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@Tis_Bearself, I freely confess I don’t know the answer to your question but I suspect the answer may have more to do with changing cultural tastes than with theological objections to polyphony. When Beethoven wrote his Masses, they were commissioned by wealthy aristocratic patrons of the arts, not by churches or cathedrals. His Mass in C major, op. 86, first performed in 1807, was commissioned by the same Hungarian prince who had been Haydn’s patron, and his Missa Solemnis, Op. 123, was commissioned by a Russian prince and first performed in St . Petersburg, in 1824. Later in the same century César Franck composed his Messe à trois voix, Op. 12, which as far as I can make out is remembered today only for its fifth movement, a setting of St. Thomas Aquinas’ hymn Panis Angelicus. Who commissioned this Mass, and where it was first performed, whether in a church or a concert hall, I haven’t discovered. But for many years now, I think, all music of this kind has been regarded primarily as a subset within the choral music genre, rather than as a form of Christian worship.

A better expert of music can correct me if I am wrong, but I think I can get the gist of it. The classical music that you refer to would be one style of polyphony. It was the predominant style of polyphonic music until the 20th century, when all various pop genres followed suit. So at the time of Pius X, polyphony and what you call “classical music” would have been synonymous to most liturgical musicians. Polyphony certainly became more and more used prior to Vatican II, it was never banned. Vatican II then explicitly stated that plain chant should have a place of preference in the West, polyphony was also allowed.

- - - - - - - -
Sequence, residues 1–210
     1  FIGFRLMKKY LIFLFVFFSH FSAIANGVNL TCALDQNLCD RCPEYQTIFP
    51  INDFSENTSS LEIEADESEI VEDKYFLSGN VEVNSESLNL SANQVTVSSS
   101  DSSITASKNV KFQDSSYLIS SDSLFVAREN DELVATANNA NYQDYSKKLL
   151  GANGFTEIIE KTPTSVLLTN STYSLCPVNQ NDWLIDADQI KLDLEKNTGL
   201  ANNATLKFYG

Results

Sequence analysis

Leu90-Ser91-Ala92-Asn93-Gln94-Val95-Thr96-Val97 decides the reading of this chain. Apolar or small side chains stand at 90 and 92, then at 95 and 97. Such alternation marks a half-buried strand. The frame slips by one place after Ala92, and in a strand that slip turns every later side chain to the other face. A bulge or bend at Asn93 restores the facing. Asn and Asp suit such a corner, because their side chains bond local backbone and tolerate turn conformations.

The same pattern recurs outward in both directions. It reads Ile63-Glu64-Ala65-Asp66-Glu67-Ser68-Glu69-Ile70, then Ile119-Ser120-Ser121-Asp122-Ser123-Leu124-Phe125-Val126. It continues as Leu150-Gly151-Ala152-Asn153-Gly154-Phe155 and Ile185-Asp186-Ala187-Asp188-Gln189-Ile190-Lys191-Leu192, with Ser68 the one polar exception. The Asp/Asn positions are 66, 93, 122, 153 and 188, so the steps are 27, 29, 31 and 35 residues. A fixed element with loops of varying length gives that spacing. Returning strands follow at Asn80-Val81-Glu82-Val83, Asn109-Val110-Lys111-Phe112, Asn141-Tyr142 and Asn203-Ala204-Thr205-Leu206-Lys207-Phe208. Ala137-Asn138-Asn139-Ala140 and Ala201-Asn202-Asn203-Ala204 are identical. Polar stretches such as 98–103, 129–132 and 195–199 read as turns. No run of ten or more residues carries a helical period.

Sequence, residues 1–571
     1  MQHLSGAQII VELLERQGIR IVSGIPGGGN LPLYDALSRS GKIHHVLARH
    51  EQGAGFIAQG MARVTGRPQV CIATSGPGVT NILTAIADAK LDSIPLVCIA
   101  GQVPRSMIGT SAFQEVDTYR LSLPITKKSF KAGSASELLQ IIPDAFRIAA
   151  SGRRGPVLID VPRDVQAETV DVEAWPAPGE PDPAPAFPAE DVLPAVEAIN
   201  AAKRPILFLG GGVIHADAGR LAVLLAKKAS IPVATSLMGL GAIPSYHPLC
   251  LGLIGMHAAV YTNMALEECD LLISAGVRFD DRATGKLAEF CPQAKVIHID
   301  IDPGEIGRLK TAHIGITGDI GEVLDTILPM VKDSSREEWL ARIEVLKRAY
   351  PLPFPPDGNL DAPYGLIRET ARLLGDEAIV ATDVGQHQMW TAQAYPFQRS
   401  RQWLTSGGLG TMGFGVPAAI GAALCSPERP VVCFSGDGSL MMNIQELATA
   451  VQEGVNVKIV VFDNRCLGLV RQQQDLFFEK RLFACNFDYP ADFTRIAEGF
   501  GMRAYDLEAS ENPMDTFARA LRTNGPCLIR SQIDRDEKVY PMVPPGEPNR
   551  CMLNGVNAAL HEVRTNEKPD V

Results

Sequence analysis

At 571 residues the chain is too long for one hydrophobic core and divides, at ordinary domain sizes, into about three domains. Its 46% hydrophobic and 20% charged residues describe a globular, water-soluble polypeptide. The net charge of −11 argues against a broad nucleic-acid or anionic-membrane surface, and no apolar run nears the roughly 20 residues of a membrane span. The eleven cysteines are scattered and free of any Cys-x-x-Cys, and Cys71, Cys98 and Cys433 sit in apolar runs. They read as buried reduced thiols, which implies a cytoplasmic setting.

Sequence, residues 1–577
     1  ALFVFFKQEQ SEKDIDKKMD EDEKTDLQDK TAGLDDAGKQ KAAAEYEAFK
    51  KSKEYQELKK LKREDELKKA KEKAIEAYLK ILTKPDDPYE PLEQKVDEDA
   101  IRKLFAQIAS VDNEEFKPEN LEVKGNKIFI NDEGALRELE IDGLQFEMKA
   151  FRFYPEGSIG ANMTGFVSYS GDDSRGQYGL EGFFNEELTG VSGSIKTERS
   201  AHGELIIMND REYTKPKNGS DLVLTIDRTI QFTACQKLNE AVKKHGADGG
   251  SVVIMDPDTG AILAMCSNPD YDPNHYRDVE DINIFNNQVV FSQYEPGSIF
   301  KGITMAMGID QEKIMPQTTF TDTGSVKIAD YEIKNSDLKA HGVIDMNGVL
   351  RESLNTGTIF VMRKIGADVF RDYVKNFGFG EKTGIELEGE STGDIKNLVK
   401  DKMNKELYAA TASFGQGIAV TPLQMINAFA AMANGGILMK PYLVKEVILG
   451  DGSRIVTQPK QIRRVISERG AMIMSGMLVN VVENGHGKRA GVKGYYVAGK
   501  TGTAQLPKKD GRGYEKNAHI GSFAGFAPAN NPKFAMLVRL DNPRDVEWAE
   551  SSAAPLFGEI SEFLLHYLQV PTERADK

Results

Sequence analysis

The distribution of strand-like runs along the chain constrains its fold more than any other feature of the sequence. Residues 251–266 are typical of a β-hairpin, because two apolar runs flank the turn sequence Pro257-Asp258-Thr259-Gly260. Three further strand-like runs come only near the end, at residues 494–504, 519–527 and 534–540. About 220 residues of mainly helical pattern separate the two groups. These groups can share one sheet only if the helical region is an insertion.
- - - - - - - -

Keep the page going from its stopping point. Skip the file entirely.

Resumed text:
Anyway, @jimXroberts answered your question precisely, there is just a confusion of terms.

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OK, thanks for the clarification. It seems that the website I read the statement on may have been overexaggerating then when it claimed that the Masses by Mozart etc disappeared for 70 years.

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I just can’t stand things like this. Feels more like concert music than music for Mass.
Sometimes just the Kyrie is sung in this way (so not the whole sung parts).
It sounds more like the choir is doing a performance rather than singing at Mass.
Is this why it is seldom used?
I also guess the music is to “violent” for Mass. It is how I experience it anyway.
Isn’t music a way for us to express some words. If people sing like this how are we to focus on the words!?!

Which is to say: they were never intended to be used at actual funeral Masses. They were art based on a commonly-held experience of grieving and contemplation of the Last Things.

I don’t really see how there can be a discussion of particular instruments without including recognition of their more recent past. They installed a pipe organ at Wrigley Field in 1941. The Rudolph Wurlitzer Co. filled movie theatres with pipe organs starting in the 1910s or so. The pipe organ has been a secular instrument ever since. As for the electronic organ, just use a search engine and look for the top ten or twenty organ solos of all time. Organs and drum sets are firmly allied by now.